People with learning difficulties have a right to develop sexual relationships. The United Nations Convention on the Rights of Persons with Disabilities (UNCRPD) states that people with disabilities have a right not to be discriminated against in all matters relating to marriage, family, parenthood and relationships. The reality is that adults with learning disabilities face institutional and attitudinal barriers that prevent them from exercising and enjoying this fundamental right.

In 2018-19 NTDi and MLMC coproduced research looking at the multiple barriers people with learning difficulties face in developing and sustaining sexual relationships. The research considered the impact of policies and practices of support services, to identify barriers as well as examples of good practice. This webinar, presented by NTDi and MLMC, gives excellent insight into the coproduced research, the findings and recommendations.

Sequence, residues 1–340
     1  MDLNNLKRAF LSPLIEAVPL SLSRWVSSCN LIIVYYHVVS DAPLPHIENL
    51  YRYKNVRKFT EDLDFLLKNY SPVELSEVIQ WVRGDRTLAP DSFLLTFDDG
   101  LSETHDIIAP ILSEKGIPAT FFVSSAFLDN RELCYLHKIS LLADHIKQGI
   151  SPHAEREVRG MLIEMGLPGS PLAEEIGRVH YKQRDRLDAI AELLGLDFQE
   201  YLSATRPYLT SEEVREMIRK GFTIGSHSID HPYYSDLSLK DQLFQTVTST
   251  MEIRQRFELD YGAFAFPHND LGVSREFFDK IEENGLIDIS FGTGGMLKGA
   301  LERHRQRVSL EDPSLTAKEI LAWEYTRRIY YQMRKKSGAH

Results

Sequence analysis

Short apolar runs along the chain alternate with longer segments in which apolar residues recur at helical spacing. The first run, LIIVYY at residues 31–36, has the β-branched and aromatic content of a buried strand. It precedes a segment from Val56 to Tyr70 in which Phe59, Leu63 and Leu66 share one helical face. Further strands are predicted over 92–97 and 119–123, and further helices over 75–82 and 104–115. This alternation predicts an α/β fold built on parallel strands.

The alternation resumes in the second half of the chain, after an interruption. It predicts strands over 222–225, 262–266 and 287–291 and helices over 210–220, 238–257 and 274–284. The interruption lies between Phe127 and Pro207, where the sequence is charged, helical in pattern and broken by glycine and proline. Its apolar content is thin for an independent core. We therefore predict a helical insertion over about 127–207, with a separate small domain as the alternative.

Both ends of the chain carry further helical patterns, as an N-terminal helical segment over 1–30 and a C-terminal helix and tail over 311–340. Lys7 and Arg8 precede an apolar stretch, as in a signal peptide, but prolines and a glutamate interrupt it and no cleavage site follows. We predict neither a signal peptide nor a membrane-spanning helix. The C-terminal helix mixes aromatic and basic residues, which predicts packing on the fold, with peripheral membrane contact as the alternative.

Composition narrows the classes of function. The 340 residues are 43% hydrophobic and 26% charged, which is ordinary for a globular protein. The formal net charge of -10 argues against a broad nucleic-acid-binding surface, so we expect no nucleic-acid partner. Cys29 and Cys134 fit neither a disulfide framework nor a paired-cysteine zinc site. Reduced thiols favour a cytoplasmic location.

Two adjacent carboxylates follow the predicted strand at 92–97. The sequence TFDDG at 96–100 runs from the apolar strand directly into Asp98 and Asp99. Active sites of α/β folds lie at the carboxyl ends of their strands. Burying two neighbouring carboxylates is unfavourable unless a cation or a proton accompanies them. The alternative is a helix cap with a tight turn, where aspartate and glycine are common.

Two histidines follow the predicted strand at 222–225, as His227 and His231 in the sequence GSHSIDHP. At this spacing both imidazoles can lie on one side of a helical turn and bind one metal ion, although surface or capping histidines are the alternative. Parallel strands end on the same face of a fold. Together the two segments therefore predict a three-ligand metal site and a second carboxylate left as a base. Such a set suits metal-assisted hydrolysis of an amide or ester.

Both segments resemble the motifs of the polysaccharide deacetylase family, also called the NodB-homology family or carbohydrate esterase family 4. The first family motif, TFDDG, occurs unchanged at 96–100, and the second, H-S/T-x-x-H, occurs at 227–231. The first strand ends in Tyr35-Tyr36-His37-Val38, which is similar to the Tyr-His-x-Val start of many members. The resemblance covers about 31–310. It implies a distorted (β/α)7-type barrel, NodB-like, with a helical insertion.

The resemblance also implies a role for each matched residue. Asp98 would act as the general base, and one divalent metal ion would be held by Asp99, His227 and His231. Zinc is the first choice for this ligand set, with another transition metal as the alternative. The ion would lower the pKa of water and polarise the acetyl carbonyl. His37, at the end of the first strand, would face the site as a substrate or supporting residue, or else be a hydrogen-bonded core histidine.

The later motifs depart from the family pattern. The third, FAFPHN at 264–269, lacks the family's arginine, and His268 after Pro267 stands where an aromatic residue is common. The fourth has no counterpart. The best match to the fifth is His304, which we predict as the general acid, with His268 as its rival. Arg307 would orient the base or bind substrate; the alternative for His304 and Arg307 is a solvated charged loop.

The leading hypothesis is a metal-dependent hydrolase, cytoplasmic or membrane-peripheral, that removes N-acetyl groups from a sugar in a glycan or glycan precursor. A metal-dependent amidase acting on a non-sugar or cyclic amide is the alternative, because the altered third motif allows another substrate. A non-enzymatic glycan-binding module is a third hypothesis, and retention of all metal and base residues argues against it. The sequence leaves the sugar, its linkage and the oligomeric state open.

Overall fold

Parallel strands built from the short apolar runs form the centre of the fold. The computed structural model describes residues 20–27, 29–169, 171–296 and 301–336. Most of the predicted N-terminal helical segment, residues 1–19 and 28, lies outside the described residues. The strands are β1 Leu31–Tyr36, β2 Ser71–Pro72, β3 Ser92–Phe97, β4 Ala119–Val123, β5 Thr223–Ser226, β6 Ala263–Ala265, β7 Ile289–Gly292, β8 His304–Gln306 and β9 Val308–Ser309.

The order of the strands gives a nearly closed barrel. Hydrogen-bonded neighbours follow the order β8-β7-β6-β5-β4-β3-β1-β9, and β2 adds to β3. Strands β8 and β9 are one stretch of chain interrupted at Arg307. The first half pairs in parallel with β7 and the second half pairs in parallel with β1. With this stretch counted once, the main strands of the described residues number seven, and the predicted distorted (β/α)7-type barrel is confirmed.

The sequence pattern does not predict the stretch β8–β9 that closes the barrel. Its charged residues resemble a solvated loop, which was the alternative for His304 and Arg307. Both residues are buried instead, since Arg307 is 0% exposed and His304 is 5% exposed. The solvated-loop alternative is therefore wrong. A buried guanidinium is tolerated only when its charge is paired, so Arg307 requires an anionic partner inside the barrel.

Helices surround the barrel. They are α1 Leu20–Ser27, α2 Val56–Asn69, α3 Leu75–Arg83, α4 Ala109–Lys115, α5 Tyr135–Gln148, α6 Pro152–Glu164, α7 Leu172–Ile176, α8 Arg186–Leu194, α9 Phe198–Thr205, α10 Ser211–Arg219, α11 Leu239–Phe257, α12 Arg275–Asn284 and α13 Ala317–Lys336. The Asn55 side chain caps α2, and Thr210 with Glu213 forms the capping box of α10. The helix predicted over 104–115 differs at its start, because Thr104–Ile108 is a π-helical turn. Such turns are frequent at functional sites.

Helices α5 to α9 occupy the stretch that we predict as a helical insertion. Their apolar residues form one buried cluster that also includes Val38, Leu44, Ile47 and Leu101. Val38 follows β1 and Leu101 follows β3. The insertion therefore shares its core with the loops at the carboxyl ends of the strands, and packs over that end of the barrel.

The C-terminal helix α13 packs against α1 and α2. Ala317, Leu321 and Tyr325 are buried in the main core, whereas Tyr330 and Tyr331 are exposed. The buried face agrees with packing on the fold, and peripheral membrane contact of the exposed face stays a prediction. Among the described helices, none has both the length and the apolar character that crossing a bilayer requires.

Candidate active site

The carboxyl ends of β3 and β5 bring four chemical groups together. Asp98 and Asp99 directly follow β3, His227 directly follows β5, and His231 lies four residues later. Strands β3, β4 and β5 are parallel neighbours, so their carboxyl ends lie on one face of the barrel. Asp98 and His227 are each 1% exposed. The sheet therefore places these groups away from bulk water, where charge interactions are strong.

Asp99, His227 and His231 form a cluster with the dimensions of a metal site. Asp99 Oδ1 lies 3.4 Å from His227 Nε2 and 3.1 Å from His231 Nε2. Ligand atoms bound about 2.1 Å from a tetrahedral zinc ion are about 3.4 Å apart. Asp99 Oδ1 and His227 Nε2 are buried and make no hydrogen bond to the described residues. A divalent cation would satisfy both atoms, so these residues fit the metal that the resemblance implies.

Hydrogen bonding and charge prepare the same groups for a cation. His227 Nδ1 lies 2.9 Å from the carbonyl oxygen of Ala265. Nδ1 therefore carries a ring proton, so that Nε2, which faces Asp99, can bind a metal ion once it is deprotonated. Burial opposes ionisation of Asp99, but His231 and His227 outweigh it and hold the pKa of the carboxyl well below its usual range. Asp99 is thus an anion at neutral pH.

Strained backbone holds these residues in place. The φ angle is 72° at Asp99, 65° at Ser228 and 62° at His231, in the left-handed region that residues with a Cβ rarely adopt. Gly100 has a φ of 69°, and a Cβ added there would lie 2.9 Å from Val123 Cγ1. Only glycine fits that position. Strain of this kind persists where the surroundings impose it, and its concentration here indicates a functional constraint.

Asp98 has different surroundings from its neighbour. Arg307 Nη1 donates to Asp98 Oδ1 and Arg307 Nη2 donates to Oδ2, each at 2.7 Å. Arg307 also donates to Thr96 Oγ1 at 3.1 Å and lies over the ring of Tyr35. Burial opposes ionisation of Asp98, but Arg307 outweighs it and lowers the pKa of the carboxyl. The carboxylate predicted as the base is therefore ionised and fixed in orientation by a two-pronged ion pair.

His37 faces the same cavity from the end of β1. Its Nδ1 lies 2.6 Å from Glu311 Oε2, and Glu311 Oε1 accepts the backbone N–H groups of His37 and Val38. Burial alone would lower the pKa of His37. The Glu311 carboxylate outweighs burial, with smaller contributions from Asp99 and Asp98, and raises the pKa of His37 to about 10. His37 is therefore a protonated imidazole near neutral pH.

Use of secure accommodation for welfare purposes in Wales

Secure accommodations are residential homes with approval to restrict the liberty of young people who are believed to be a serious risk to themselves or to others. Many young people are placed in secure accommodation for welfare reasons and there is little sign of this practice diminishing. This troubling situation is further complicated by a scarcity of secure placements in Wales which sees many young people being placed outside of Wales or having no bed in secure care due to a lack of availability.

At present there is little research evidence of what has led to this or what can be done to improve matters. To give better insight, a recent project commissioned by Social Care Wales and conducted by CASCADE at Cardiff University explored the experiences of young people from Wales prior to, during and following a referral to secure accommodation.

A recent webinar, presented by Dr Annie Williams (research lead) gave practitioners and managers an opportunity to hear about the study. The resources from the webinar are as follows: